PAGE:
Hence in LambdaMART we use the Gradient Boosting framework with the $\lambda_i$‘s acting as the gradients $g_i$. This leads to update rules for the leaf values $\gamma_l$ that depend on the $\lambda$ values of the training instances that fall in leaf $l$.

We’ve observed that LambdaMART trains an ensemble of trees sequentially. What does this sequence of trees look like? Let’s look at an ensemble of 19 trees trained with LambdaMART on the OHSUMED dataset:

At each inner node, the small number denotes the feature label, and the larger number denotes the threshold. The number at each leaf node denotes the leaf output.

We can see that each tree is somewhat similar to the previous tree. This makes sense given that each tree $t_i$ is dependent on the model state $F_{i-1}$ since it is fit to the gradient with respect to that model’s gradient.

The step-by-step animation gives us insight into what is happening during training. It’s a great way to visualize and gain an intuition of the gradient boosting process – we see consecutive trees being produced that depend on the previous tree. However, we are still viewing the LambdaMART model as a group of separate trees; we still need to develop a way of viewing the final model cohesively.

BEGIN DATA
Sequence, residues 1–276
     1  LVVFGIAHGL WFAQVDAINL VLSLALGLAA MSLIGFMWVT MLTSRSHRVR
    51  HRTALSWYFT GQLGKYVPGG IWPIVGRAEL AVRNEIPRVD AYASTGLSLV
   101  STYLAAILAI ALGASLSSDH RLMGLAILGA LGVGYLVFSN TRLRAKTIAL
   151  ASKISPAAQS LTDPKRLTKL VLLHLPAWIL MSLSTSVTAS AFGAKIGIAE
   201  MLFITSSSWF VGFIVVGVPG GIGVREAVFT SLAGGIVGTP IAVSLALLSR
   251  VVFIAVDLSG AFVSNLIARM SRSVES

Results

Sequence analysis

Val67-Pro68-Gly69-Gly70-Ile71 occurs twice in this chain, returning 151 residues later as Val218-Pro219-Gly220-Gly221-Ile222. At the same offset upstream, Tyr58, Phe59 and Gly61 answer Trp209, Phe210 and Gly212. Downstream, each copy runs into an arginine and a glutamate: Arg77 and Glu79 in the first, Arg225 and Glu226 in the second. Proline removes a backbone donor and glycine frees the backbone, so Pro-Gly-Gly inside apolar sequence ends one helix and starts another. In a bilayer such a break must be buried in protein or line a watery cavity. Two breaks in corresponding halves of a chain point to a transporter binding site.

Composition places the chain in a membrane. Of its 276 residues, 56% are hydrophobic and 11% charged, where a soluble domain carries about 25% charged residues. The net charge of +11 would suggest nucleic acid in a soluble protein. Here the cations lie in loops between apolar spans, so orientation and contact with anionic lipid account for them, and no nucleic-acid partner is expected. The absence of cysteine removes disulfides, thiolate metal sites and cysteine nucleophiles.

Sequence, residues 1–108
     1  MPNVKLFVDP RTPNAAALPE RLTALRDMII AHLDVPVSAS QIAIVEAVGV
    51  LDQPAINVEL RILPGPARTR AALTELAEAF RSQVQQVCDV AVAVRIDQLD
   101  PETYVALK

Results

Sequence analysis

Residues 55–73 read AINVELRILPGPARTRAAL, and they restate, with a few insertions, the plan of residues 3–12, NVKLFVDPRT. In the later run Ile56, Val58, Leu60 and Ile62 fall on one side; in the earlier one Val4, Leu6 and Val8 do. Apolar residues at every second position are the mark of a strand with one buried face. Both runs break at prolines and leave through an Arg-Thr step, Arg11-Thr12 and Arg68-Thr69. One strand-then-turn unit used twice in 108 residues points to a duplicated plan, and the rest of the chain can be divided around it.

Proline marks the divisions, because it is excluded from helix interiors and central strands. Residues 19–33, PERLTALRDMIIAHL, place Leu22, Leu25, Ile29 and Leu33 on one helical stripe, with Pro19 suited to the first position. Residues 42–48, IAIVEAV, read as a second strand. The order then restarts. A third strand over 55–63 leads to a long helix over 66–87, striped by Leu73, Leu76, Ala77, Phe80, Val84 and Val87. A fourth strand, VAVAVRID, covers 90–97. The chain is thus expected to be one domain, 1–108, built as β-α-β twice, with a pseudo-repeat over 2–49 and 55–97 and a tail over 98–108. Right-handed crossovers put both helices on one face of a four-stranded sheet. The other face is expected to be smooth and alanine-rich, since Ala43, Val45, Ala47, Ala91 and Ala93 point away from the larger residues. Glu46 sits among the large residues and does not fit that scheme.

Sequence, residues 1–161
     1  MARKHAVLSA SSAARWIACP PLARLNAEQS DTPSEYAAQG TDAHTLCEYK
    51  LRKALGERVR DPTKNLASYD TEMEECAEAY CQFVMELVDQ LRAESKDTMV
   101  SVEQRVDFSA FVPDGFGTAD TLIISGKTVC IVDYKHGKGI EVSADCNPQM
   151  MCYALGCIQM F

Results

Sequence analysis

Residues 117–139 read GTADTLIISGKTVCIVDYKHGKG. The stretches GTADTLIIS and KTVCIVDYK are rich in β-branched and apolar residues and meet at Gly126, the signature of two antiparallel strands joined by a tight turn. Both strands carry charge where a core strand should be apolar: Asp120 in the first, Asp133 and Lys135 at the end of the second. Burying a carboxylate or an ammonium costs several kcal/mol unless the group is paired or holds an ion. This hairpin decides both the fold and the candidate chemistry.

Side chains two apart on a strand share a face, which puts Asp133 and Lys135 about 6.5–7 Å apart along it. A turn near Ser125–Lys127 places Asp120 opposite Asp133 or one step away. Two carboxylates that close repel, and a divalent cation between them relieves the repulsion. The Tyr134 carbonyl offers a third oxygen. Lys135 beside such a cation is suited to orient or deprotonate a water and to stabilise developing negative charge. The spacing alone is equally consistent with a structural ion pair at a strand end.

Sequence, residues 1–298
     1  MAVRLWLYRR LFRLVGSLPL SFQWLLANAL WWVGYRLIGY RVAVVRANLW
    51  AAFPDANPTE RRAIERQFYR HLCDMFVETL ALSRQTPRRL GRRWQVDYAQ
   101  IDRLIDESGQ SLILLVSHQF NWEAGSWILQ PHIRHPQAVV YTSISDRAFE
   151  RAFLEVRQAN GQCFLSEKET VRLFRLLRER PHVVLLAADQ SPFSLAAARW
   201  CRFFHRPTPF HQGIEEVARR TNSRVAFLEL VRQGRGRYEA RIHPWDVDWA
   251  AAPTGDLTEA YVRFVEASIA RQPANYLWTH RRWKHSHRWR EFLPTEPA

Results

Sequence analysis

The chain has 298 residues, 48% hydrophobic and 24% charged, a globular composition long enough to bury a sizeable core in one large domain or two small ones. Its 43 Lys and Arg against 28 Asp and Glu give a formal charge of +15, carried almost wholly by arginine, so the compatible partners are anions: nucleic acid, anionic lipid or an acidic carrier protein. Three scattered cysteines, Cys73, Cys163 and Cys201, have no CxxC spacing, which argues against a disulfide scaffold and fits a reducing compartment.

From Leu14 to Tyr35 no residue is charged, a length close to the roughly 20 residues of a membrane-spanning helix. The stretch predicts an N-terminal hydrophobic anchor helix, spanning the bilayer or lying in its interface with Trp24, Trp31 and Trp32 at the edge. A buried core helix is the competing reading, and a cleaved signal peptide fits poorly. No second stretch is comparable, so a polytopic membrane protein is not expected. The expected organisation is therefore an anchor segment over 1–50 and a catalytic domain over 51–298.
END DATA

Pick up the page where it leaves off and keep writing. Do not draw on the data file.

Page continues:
Does the sequence animation tell us anything that could help with developing a single, cohesive model view? We can start with the observation that often, the trees look “roughly similar”.

Sometimes two trees will have the same feature at a given node position; for instance the root favors features 7, 9, and 11. Trees may not even change from step-to-step or may share a similar overall structure, such as trees #3 and #4 – notice how the numbers change, but the structure remains the same. Finally, all of the trees only draw from a subset of the total feature set; for instance feature 4 is never used by any of the trees.

Grouping Similar Nodes